The follow-up times were similar in the two groups (HVA group, 3.37 ± 2.25 years; Non-HVA group, 3.29 ± 2.31 years). During a median follow-up of 3.3 years, first stroke occurred in 0.5% (15/3003) of participants in HVA group, as compared to 2.6% (217/8471) of those in the Non-HVA group (p<0.001). First ischemic stroke occurred in 0.5% (14/3003) of participants in the HVA group, as compared to 2.3% (198/8471) of those in the Non-HVA group (p<0.001) (Table 3). Participants with HVA had considerably lower age and sex-adjusted (model 1) risk of stroke (hazard ratio (HR), 0.21; 95% confidence intervals (CI), 0.12-0.36) and ischemic stroke (HR, 0.22; 95% CI, 0.12-0.37) as compared to participants in the Non-HVA group (Table 4). After adjusting for other cardiovascular risk factors (including BMI, smoking, alcohol consumption, physical activity, history of diabetes, history of hyperlipidemia) (model 2), HVA was associated with a 0.23-fold (95% CI, 0.13–0.39) lower risk of stroke and a 0.23-fold lower risk (95% CI, 0.14–0.41) of ischemic stroke. After further adjusting for monthly income, education level, FBG, total cholesterol (TC), low-density lipoprotein cholesterol (LDL), hs-CRP, and use of anti-diabetic and lipid-lowering medications (model 3), HVA was associated with a 0.23-fold (95% CI, 0.14-0.40) lower risk of stroke and a 0.24-fold lower risk (95% CI, 0.14–0.42) of ischemic stroke. After additionally adjusting for systolic blood pressure (model 4), HVA was associated with a 0.32-fold (95% CI, 0.18-0.56) lower risk of stroke and a 0.32-fold lower risk (95% CI, 0.18-0.58) of ischemic stroke (Figure 3).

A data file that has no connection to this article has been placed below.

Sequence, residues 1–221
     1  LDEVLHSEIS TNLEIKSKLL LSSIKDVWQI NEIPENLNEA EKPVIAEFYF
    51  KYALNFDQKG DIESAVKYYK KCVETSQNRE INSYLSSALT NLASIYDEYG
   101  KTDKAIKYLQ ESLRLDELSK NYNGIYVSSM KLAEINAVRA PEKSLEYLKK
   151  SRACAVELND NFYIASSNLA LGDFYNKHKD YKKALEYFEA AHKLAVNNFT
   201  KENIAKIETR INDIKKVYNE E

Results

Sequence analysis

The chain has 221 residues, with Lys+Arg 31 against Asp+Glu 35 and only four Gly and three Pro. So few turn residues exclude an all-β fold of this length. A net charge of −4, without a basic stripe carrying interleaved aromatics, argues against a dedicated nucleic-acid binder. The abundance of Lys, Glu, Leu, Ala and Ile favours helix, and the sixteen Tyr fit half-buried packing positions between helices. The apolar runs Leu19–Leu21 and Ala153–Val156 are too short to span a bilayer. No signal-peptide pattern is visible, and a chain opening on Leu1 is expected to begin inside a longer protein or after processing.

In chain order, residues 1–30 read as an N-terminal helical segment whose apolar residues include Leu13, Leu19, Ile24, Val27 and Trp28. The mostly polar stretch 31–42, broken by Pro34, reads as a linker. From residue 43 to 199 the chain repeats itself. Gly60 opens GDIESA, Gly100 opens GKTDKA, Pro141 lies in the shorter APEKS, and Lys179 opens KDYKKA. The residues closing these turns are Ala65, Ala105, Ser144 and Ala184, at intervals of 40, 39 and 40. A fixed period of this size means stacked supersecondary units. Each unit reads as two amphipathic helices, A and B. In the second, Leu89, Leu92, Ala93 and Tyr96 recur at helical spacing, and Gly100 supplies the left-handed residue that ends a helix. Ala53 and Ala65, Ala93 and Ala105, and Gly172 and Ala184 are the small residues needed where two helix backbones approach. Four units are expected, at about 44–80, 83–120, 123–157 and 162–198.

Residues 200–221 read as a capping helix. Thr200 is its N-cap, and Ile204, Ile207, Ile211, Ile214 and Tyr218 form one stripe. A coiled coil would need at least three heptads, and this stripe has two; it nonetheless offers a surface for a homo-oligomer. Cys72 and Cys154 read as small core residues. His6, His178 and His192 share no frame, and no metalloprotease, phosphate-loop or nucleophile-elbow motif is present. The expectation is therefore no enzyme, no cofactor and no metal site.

Table 3. Outcome incidence during follow-up.

OutcomesNon-HVA (n=8471)HVA (n=3003)p value
Total stroke (%)217(2.6)15(0.5)<0.001
Ischemic stroke (%)198(2.3)14(0.5)<0.001
Hemorrhagic stroke (%)28(0.3)1(0)0.003
Abbreviation: HVA: healthy vascular aging.

Table 4. Risk of first stroke or ischemic stroke related to HVA vs Non-HVA.

OutcomeHR(95%CI)p value
Stroke
Model 10.21(0.12–0.36)< 0.001
Model 20.23(0.13–0.39)< 0.001
Model 30.23(0.14–0.40)< 0.001
Model 40.32(0.18–0.56)< 0.001
Ischemic stroke
Model 10.22(0.12–0.37)<0.001
Model 20.23(0.14–0.41)<0.001
Model 30.24(0.14–0.42)<0.001
Model 40.32(0.18–0.58)<0.001
Model 1: Adjusted for age and sex.
Model 2: Model 1 + adjustment for body mass index, smoking, alcohol drinking, physical activity, history of diabetes, history of hyperlipidemia.
Model 3: Model 2 + adjustment for monthly income, education level, fast blood glucose, total cholesterol, low-density lipoprotein cholesterol, high-sensitive C-reactive protein, use of antidiabetic and lipid-lowering medications.
Model 4: Model 3 + adjustment for systolic blood pressure
Abbreviations: HVA: healthy vascular aging; HR: hazard ratio; CI: confidence interval.